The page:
I continued my total denial of our current political situation by listening to this audiobook by Barack Obama.
Yes, he narrates it himself, and although I initially thought that was the only way to go, I was oddly disappointed. He didn’t use much inflection throughout his narration and the monotone delivery promoted attention wandering and sleepiness. This may have been one that I would have actually been better off reading the old fashioned way.
That said, it’s a pretty powerful book in any format.Because his father went back to Kenya when Barack Jr. was so young, and rarely visited, Obama didn’t have much of a relationship with his father. He was closer to his mother and her parents, who helped raise him. After talking about how he received the news of his father’s death, Obama goes into the story of his grandparents, how they ended up in Hawaii, and their mixed feelings about their daughter’s marriage to an African.
After Barack left, Obama’s mother married an Indonesian man who proposed and then had to hurry back to Indonesia, leaving his wife- and son-to-be to work out visas, shots, and all the mountains of paperwork that come along with moving to a foreign country. Once there, Obama adapted pretty easily (as young children tend to do), and it sounds like his stepfather treated them well and did his best to be a father to the young Obama. But that marriage didn’t work out either and Obama was soon sent back to Hawaii to live with his grandparents until his mother could follow.
Obama then detailed his struggles as a black man growing up in America in the second half of the 20th century. He experienced the same angst and frustration that so many black Americans feel, and this might sound odd, but I found it to be kind of a relief. While we have all been marveling at his unfailingly calm demeanor for the past eight years, it made me feel better to know that he, at least at one time in his life, did not feel as calm as he now appears. It made him more human to me and it gave me hope, not only for my own self improvement, but for the improvement of our country and race relations as a whole.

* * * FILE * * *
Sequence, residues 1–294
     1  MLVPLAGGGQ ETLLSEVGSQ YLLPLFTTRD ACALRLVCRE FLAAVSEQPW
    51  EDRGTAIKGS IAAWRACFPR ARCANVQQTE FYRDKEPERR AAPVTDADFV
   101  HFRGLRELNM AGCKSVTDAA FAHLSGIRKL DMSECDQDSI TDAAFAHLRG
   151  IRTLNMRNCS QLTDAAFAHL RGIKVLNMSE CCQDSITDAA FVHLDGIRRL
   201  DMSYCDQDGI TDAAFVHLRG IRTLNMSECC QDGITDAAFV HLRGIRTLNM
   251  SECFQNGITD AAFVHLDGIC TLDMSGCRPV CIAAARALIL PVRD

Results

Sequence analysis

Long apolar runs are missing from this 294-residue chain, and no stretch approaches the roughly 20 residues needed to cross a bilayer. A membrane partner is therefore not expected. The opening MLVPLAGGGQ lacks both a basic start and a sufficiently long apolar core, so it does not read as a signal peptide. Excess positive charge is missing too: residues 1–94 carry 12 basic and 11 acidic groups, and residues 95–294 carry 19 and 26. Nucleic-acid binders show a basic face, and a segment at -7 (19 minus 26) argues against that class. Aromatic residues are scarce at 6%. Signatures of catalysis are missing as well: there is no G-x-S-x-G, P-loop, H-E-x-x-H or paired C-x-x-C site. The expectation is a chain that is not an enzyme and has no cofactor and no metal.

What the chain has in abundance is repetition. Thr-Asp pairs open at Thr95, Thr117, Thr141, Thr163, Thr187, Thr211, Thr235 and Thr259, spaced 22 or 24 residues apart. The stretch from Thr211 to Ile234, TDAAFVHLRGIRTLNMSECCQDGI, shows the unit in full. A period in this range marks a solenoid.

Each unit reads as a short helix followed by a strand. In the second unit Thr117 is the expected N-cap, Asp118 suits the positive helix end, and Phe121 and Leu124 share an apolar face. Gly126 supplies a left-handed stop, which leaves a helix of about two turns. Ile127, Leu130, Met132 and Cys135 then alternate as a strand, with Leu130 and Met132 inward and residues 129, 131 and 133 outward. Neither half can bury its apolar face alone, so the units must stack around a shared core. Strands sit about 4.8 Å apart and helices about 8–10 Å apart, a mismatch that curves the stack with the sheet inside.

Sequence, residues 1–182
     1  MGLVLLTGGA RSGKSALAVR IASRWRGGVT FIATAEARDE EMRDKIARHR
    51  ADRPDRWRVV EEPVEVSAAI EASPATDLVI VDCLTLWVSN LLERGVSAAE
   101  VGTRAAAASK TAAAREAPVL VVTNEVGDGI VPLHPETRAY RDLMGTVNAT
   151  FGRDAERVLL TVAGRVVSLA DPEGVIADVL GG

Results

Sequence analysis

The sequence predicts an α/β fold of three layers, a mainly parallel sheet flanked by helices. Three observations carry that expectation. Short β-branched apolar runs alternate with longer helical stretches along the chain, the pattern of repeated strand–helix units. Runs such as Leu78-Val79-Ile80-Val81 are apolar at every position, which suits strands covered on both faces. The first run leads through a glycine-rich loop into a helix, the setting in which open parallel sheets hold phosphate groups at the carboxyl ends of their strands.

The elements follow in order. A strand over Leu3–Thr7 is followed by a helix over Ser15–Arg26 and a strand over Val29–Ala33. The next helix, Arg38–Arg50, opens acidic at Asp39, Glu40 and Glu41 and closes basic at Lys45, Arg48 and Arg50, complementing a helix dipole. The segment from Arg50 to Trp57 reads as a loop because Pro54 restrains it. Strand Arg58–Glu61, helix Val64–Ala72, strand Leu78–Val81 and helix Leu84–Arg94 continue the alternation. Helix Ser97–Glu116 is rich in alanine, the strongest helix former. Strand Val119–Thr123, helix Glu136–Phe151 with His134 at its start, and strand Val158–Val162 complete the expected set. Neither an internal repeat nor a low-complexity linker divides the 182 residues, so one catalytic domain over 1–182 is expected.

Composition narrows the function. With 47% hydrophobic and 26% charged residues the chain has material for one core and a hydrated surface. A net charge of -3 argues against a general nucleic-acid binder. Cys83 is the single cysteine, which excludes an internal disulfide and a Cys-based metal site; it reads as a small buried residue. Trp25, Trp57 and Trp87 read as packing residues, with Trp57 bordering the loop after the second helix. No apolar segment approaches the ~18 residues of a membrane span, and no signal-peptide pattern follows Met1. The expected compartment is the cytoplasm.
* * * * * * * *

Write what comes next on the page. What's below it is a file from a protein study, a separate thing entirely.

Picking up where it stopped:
It sounds like Obama’s frustration even got in the way of his studies. Not that he was flunking out or anything, but that he wasn’t seriously considering college until his mom had a talk with him. That also made me feel better because if the first black president of the U.S. almost didn’t go to college, then there really is hope for me!
Then he talked about how, once in college, he had a great conversation he had with a friend about why he was reading Heart of Darkness, which he followed up with his reasons for deciding to work as a community organizer, how he got the job in Chicago, some of his experiences there, as well as his decision to go to law school and his acceptance into Harvard (where his father had also studied). He learned a lot in Chicago about race relations, black pride (or lack thereof), the different forms they take (some more insidious than others), and the differing opinions on how to solve the problems of Black America. In typical Obama form, none of them were mindless comments to be thrown out there and forgotten. It seems Obama has long been a thoughtful person and he describes several instances in which he had to step back and think about what just happened and analyze his reactions to them. I often felt the need to do the same after finishing a chapter. Sometimes in the middle of a chapter.
I think my favorite part of this book may have been the end, where Obama talks about going to Kenya and meeting his father’s family, who tell him about them, their lives, his father’s life, and his grandfather’s life. It reminded me a lot of the book Homegoing and, again, there’s nothing thoughtless about Obama’s description of his own history. Everything that happened came together to put him where he was and (eventually) make him a trailblazing president for the most powerful country in the world.
The audiobook was recorded in 2005, before he ran for president, but the end contains his acceptance speech as the new senator representing Illinois and his endorsement of John Kerry for president. The speech contains much of the same message of hope contained in his presidential campaign and I had a lot of feelings about it. I kind of just want to listen to it on repeat…
What did you guys read/listen to this week? Anything else that took you back to a happier time?